What if I add Visby, Brügge, London, and Novgorod to the list? Then we know they’re not just cities & towns in Germany.
They were all part of an international alliance known as the Hanseatic League, or Hansa, or Hanse, as it was sometimes called.
The Hansa was the brainchild of Henry the Lion, a 12th century Saxon Duke. Although, when he organized a bunch of towns along the Baltic Sea and North Sea coasts little did he know the power the merchant guilds would hold until around the 18th century — actually going until around the mid-19th century.
Trade around the Baltic Sea wasn’t all that lucrative until the Hanseatic League got in on the sailing action. Well, between the Vikings and pirates, who could afford to do anything? This is why so many towns and cities joined in, they all made a pact to help each other with aid. They even had their own legal system.
But, trade was their ultimate be-all end-all. See? Everything has to do with money. At the height of the League’s power in the 14th century, all sorts of new and exciting goods were making their way to/from Germany. They were getting things like herring from Scandinavia; and they were exporting salt — because Hamburg was at the epicenter of the Salt Routes.
I’m sure not just the Germans were happy with all the linen, wool, and silk that made its way from port to port. Sometimes goods weren’t the only things transported, a good number of ships carried troops. The Hanse was partially responsible for carrying on the infamous War of the Roses.
They did get their rear-ends handed back to ’em by the Dutch, who fought against their monopoly during the Hansa-Dutch War in the 15th century — giving the Netherlands the much needed access to the Baltic Sea.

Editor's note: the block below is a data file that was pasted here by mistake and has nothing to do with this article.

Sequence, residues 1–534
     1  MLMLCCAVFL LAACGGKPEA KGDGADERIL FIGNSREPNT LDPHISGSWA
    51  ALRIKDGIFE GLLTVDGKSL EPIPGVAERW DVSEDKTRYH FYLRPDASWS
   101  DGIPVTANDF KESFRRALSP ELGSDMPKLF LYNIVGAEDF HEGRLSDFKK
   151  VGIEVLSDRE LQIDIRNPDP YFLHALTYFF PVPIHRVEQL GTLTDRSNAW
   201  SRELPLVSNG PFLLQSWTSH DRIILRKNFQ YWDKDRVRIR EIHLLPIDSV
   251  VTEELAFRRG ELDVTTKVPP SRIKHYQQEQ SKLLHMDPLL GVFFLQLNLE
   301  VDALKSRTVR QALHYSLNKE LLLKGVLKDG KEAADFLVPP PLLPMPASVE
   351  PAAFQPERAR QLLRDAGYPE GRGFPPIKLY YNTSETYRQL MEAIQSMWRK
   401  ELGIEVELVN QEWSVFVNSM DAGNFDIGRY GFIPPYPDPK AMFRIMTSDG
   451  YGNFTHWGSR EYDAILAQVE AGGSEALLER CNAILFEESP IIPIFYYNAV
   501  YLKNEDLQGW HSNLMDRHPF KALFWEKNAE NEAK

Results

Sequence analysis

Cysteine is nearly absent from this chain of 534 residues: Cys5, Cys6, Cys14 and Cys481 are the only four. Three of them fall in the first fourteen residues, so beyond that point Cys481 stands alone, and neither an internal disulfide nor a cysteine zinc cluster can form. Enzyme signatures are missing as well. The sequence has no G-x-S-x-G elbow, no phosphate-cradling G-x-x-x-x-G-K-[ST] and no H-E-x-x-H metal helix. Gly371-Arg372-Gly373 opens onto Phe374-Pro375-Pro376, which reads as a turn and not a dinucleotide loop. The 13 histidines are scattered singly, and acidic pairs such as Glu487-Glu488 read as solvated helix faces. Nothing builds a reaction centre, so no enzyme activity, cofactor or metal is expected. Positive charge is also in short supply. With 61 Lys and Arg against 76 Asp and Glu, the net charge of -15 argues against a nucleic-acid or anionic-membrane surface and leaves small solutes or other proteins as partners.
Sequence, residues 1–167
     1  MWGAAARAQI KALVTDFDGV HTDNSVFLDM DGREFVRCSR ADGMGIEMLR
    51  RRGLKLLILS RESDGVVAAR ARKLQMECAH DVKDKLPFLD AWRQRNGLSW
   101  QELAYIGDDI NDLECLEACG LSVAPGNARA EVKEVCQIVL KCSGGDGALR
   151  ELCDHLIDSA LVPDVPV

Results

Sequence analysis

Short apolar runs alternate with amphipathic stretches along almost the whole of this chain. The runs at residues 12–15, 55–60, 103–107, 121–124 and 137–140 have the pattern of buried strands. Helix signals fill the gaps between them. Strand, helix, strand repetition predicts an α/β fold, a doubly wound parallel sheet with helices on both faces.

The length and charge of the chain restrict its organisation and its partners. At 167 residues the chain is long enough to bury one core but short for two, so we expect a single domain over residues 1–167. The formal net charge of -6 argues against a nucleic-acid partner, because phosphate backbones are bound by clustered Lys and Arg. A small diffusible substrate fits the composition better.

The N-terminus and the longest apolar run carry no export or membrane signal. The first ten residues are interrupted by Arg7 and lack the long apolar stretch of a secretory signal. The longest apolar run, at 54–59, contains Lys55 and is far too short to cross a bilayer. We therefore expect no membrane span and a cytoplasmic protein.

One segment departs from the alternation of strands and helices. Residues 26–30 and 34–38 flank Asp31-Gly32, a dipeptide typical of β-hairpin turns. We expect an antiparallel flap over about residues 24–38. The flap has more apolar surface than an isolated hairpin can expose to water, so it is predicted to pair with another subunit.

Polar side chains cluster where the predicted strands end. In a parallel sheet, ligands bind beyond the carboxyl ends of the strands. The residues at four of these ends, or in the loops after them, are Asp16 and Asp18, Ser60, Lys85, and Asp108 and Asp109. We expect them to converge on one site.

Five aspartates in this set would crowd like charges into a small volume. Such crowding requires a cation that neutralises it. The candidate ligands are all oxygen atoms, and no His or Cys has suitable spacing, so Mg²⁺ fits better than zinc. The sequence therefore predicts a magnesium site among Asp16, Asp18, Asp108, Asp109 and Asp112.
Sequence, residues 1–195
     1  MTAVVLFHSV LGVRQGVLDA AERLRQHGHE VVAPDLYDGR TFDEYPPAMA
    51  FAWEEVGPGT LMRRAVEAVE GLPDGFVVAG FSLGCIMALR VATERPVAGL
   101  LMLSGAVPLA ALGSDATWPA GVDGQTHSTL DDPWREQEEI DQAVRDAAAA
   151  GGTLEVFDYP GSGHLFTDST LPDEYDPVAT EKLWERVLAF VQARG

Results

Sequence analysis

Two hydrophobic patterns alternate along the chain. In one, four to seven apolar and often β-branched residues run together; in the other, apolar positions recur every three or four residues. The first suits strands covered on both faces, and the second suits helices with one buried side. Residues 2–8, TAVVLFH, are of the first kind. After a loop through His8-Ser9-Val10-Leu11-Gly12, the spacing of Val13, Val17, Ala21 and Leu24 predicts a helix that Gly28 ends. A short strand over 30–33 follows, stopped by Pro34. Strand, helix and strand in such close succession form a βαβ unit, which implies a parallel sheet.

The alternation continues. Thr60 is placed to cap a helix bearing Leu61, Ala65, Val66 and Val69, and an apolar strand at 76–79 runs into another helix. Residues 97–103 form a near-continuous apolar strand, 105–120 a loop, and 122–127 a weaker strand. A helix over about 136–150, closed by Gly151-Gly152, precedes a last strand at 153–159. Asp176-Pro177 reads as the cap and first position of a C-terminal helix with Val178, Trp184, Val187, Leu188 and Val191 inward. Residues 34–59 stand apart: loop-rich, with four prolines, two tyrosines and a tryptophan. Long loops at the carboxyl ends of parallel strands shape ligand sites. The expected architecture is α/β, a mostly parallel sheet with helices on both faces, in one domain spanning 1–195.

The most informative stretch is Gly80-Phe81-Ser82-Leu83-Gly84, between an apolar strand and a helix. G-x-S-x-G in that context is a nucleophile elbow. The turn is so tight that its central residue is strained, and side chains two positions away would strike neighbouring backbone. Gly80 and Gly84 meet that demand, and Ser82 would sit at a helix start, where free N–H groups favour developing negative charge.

The wealth generated by all the timber, amber, grain, and everything in-between gave rise to many gorgeous cities along Germany’s coastline. We can thank the Hansa Teutonica (its Latin name) for all the outstanding brick Gothic architecture found in places like Anklam, Greifswald, and Lüneburg.
Come to think of it… we probably wouldn’t have the European Route of Brick Gothic Architecture without them.
Too bad Lübeck isn’t on that scenic route, but it was the capital city of the Hanse. Once you’ve seen the city’s Holstein Gate, you can see the real power and wealth of it all. Too bad the Hanseatic Museum isn’t in Germany (it’s in Bergen, Norway). Maybe someone will eventually add one.
One of the greatest achievements of the Hanseatic League wasn’t a church or castle, nor was it a typical building of any kind. They were lighthouses along the coasts. A good safety feature, huh?
As with most things, nothing lasts. By the 16th century the Hanseatic League was losing its grip, caused by things like the Protestant Reformation and the rise of the Ottoman Empire.
In 1862 the Hanseatic League was officially dissolved. However, they are making a comeback of sorts. Many of its former members are proud of their Hanseatic history, which is why the Rostock Football Team is known as Hansa Rostock. And why you’ll see titles like the “Free & Hanseatic City of” (English) or “Freie- und Hansestadt” (German) added before the names of Lübeck, Hamburg, and Bremen.
There’s a New Hansa in town, BTW. Any city or town associated with the original organization (or was the site of a Kontor, a trading post belonging to the League in other cities) can join in the New Hansa. Every year they host a huge festival, known as the Hanseatic Days of New Time, or Hansetage der Neuzeit in German, hosted by one of the League’s former cities.
Even Lufthansa, the German National Airline, carries the Hansa name (Luft means air, BTW). Wow, if that doesn’t say something about the Hansa’s contribution to Germany, nothing will.